10. Costa ACR (2014b) On the legal aspects of agent societies. Open publication on doi: 10.13140/2.1.4345.7923
  11. Costa ACR (2014c) On the bases of an architectural style for agent societies: concept and core operational structure. Open publication on doi: 10.13140/2.1.4583.8720
  12. Costa ACR (2014d) Toward a formal reconstruction of Kelsen’s theory of legal systems. In: WEIT 2013 - 2nd workshop-school on theoretical computer science, IEEE, New YorkGoogle Scholar
  13. Costa ACR, Dimuro GP (2009) A minimal dynamical organization model. In: Dignum V (ed) Hanbook of multi-agent systems: semantics and dynamics of organizational models. IGI Global, pp 419–445Google Scholar
  14. Costa ACR, Santos IAS (2012) Toward a framework for simulating agent-based models of public policy processes on the Jason-CArtAgO platform. In: AMPLE@ECAI 2012 - 2nd international workshop on agent-based modeling for policy engineering. ECAI, MontpellierGoogle Scholar
  15. Costa ACR, Hübner JF, Bordini RH (1994) On entering an open society. In: Proceedings of the XI Brazilian symposium on artificial intelligence. Sociedade Brasileira de Computação, Fortaleza, pp 535–546Google Scholar
  16. Davis KC (1976) Discretionary justice: a preliminary inquiry. University of Illinois Press, ChampaignGoogle Scholar
  17. Demazeau Y, Costa ACR (1996) Populations and organizations in open multi-agent systems. In: 1st national symposium on parallel and distributed artificial intelligence (PDAI’96). Hyderabad, IndiaGoogle Scholar
  18. Dworkin R (1977) Taking rights seriously. Harvard University Press, CambridgeGoogle Scholar
  19. Dworkin R (1985) A matter of principle. Harvard University Press, CambridgeGoogle Scholar
  20. Dworkin R (1986) Law’s empire. Harvard University Press, CambridgeGoogle Scholar
  21. Fernández M (2014) Programming languages and operational semantics: a concise overview. Springer, BerlinGoogle Scholar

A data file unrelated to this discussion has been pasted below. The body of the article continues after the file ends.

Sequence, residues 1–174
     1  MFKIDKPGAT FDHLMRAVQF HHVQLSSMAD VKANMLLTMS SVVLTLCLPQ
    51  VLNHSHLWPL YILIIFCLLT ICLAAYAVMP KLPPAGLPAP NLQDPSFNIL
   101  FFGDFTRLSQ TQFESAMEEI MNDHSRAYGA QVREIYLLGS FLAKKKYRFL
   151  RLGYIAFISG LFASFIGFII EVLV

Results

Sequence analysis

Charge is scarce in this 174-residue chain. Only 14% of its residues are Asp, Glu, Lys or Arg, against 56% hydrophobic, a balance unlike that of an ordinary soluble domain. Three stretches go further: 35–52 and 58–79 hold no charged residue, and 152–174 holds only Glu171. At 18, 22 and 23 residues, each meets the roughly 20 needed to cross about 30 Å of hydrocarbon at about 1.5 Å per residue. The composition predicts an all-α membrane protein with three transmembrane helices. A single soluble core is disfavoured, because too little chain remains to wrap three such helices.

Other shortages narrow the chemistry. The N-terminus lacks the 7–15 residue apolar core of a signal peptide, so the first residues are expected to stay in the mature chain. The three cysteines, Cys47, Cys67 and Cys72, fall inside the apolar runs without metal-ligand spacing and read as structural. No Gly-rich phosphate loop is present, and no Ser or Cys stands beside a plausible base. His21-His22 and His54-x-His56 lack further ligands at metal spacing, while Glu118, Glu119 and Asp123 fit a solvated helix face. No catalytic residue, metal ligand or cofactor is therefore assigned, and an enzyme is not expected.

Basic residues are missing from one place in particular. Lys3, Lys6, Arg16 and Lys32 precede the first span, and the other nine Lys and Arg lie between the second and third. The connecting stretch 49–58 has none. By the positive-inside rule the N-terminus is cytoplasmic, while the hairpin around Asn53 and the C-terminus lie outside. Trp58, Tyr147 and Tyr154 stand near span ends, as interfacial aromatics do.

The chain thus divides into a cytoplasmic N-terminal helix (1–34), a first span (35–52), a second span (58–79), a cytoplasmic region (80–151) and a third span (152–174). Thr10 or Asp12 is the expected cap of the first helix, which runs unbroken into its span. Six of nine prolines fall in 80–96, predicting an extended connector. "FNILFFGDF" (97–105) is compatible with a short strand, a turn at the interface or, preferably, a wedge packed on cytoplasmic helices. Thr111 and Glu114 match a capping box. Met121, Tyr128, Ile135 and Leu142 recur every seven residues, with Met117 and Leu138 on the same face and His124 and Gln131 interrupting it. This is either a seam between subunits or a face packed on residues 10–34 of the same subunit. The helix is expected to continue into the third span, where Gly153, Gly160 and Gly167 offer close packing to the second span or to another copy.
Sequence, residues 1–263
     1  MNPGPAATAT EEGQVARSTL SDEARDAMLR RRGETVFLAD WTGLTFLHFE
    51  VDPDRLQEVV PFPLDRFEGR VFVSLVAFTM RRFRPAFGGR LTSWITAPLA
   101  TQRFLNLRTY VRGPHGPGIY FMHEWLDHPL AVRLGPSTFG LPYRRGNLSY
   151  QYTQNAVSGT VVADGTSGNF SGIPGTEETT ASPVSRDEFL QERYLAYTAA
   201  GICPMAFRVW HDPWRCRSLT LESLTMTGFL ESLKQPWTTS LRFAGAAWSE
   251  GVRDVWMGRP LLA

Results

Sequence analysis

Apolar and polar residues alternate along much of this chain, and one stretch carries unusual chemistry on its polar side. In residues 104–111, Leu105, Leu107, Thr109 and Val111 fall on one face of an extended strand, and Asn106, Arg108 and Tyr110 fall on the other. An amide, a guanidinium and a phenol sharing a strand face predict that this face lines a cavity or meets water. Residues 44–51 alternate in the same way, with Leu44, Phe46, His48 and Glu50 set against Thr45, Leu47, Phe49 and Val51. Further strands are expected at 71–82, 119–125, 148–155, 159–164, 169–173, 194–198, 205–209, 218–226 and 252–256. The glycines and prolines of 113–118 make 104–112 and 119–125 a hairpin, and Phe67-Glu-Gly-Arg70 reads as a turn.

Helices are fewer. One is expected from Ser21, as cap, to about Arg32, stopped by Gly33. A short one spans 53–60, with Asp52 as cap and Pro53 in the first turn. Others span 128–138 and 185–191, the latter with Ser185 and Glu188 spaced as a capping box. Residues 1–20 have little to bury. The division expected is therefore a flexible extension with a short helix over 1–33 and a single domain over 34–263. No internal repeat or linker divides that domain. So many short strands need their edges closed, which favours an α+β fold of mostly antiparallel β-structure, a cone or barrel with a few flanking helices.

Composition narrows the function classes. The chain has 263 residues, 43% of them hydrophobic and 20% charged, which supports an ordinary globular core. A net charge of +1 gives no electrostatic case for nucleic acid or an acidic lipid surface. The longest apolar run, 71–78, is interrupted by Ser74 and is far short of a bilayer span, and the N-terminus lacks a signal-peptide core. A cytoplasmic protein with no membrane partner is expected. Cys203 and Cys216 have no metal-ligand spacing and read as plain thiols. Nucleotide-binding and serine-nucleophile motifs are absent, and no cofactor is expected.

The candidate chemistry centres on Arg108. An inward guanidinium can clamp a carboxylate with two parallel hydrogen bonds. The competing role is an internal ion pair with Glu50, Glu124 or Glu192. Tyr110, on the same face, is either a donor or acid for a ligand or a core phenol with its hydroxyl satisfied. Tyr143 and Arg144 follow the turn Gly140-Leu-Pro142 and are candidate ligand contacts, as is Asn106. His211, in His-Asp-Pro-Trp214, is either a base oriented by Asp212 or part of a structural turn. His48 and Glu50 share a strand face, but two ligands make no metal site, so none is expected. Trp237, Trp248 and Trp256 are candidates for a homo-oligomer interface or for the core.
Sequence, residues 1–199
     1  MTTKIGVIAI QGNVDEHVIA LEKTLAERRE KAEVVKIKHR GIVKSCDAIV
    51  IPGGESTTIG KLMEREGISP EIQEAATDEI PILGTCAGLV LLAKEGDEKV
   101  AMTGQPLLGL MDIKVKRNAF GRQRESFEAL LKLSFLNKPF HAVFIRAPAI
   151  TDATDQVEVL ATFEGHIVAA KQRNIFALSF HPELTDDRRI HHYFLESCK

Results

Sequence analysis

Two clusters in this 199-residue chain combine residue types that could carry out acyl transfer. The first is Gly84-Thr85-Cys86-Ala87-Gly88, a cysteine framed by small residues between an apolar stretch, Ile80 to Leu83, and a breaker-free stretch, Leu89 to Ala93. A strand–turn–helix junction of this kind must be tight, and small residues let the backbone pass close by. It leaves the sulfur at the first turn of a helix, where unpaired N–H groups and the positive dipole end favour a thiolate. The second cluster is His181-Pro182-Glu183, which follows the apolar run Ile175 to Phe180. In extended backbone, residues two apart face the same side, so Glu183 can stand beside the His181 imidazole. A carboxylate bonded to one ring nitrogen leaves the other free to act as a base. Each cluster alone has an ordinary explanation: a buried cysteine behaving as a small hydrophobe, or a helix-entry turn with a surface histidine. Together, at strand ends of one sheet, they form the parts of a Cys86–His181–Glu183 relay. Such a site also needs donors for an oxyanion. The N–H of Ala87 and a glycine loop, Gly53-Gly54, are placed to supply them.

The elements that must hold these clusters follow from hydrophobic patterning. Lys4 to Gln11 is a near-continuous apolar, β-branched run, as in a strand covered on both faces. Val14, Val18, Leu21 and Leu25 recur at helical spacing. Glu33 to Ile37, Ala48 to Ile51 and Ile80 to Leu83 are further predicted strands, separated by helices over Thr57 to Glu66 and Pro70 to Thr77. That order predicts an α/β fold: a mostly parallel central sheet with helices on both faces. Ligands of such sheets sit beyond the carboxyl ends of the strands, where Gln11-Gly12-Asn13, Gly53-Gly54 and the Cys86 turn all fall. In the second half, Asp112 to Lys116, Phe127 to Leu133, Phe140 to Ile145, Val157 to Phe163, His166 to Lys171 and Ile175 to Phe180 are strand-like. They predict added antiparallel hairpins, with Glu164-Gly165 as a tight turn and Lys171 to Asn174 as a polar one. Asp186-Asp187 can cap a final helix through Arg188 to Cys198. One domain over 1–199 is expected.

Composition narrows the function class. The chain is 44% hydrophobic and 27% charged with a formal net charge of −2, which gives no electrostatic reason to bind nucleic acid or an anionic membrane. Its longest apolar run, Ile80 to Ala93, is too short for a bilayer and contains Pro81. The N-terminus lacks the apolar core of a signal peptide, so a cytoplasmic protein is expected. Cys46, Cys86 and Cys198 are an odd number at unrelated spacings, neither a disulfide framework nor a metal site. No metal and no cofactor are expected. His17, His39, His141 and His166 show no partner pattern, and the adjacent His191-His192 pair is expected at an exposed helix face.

22. Fox MS (1979) Organization structuring: designing large complex software. Technical report, Carnegie-Mellon University (Technical Report CMU-CS-79-155), PittsburghGoogle Scholar
  23. Gilbert N, Troitzsch K (2005) Simulation for the social scientist. Open University Press, LondonGoogle Scholar
  24. Governatori G, Rotolo A (2008) A computational framework for institutional agency. AI Law 16(1):25–52Google Scholar
  25. Governatori G, Rotolo A (2010) Changing legal systems: legal abrogations and annulments in Defeasible Logic. J IGPL 18(1):157–194CrossRefzbMATHMathSciNetGoogle Scholar
  26. Governatori G, Sartor G (eds) (2011) Special issue: deontic logic and normative systems. AI Law 19(2–3)Google Scholar
  27. Grossi D, Rotolo A (2011) Logic in the law: a concise overview. In: Gupta A, van Benthem J (eds) Logic and philosophy today. College Publications, London, pp 251–274Google Scholar
  28. Hart HLA (1958) Positivism and the separation of law and morals. Harv Law Rev 71(4):593–629CrossRefGoogle Scholar
  29. Hart HLA (1962–1963) Kelsen visited. UCLA Law Rev 10:709–728Google Scholar
  30. Hart HLA (2012) The concept of law. Oxford University Press, OxfordGoogle Scholar
  31. Hoare CAR (1985) Communicating sequential processes. Prentice-Hall, Englewood CliffszbMATHGoogle Scholar